I swore never to speak of such things again. But there’s no way I can get out of talking about this, is there?
This past week, as of this posting, was the 25th Anniversary of the premier of the first animated adaptation of Bishōjo Senshi Sailormoon, or, as it’s better known in the west, Sailor Moon. Like most Japanese pop media, Sailor Moon actually started as a manga first, and thus the *true* 25th Anniversary of the series was last year. But the first anime is considered by the overwhelming majority of fans to be the definitive version of the story, and is certainly the most well known internationally. So this is the date that’s going to be seeing the most widespread attention and acclaim from critic and fan circles. Sailor Moon is one of those huge anime shows that even people who aren’t familiar with Japanese media will instantly recognise. It, along with Dragon Ball Z and Ranma 1/2, defined the anime landscape of the early 1990s and was an integral part of the international anime breakout. It was also far and away the most interesting of the three to my eyes, which is what I thought when I was looking to fill in the gaps in my knowledge of Japanese media a few years back. Quite simply, you can’t claim to fully understand the history of global pop culture without looking at Sailor Moon.
And thus I’m spending Women’s History Month writing about one of the most infuriatingly fraught examples of Mirror Darkly female empowerment in all of pop culture history.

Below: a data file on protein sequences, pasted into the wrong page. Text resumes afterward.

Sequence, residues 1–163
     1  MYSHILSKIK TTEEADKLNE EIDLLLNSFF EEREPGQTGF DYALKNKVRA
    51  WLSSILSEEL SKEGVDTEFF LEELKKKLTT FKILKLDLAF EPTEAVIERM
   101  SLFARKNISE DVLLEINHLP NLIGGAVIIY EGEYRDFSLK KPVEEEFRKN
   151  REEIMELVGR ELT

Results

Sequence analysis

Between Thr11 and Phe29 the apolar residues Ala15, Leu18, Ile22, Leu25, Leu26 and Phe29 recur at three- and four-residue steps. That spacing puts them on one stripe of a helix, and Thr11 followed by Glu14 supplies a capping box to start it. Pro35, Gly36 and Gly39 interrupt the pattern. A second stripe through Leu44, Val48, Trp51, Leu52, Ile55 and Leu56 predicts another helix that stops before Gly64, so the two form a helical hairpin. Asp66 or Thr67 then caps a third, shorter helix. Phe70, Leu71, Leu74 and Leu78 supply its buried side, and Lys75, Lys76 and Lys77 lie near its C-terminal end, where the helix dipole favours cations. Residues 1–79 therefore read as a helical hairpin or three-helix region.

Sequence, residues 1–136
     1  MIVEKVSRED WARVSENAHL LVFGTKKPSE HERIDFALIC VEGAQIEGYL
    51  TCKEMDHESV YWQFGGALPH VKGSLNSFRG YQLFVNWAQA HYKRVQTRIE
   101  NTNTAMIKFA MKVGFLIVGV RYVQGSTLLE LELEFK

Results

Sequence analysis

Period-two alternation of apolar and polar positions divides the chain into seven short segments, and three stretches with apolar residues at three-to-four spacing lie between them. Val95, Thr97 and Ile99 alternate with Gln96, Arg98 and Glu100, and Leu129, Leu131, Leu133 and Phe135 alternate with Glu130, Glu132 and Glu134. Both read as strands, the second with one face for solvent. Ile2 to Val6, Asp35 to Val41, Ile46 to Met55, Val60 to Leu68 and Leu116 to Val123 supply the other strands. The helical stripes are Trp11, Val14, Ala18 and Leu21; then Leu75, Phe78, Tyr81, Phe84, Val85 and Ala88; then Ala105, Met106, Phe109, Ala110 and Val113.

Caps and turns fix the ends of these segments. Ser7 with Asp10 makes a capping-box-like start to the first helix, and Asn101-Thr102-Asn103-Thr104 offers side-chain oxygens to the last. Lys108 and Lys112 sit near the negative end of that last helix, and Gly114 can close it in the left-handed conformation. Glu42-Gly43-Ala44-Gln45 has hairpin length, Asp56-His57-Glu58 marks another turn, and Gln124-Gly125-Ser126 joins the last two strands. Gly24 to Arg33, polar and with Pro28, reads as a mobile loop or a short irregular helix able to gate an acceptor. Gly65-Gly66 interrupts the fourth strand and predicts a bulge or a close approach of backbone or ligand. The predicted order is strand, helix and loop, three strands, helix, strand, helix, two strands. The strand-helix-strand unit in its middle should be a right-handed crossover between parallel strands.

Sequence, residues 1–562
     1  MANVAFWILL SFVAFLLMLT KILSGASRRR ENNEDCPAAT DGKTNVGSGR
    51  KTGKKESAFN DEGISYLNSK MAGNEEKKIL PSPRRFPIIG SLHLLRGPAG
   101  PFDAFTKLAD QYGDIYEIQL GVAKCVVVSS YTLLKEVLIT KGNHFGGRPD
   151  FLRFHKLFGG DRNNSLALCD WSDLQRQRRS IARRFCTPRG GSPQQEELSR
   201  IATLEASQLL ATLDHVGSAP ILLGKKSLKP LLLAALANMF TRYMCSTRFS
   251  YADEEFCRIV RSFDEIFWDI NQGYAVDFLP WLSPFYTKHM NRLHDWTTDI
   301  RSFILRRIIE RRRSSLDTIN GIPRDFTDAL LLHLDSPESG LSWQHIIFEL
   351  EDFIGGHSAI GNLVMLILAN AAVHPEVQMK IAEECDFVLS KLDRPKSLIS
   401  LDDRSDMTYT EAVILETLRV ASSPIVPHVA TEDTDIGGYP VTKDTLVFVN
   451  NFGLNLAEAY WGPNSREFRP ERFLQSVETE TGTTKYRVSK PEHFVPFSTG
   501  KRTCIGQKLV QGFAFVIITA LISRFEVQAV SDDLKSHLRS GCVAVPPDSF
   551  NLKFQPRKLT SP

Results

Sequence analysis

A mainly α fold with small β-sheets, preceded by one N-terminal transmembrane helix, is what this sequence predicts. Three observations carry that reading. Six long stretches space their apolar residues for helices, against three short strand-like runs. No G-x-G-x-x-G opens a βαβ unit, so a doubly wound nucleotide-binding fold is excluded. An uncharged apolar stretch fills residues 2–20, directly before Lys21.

But I get ahead of myself. As if it wasn’t clear, Sailor Moon and I have a history. I have a special relationship with this series, and, in this case, “special” does not entirely mean “good”. I was drawn to Sailor Moon after coming off of a high spent writing about Dirty Pair for Vaka Rangi, and it seemed to me at first glace that Sailor Moon was the natural and fitting, if slightly counterintuitive, successor to Dirty Pair in terms of mass-market young adult Japanese fiction targeted primarily towards girls. It also served as a curious contrast to that series: Whereas Dirty Pair came out of the otaku scene of the early 1980s and was thus heavy on the hard (or hard-ish) science fiction (and failed somewhat spectacularly), Sailor Moon came out of a later generation of Japanese nerd culture, dropped the science fiction altogether and was unique in the sense it was the first large scale manga-to-anime franchise helmed by a woman who wasn’t Rumiko Takahashi to gain universal success and acclaim.
Like I do with all such series, I sat down to read the manga first before I checked out the anime to get a feel for creator Naoko Takeuchi’s original intent. And things promptly went downhill from there.
There is no other franchise I have ever followed or studied that has caused me as much grief, anxiety, confusion, self-doubt, anguish and pain as Sailor Moon.…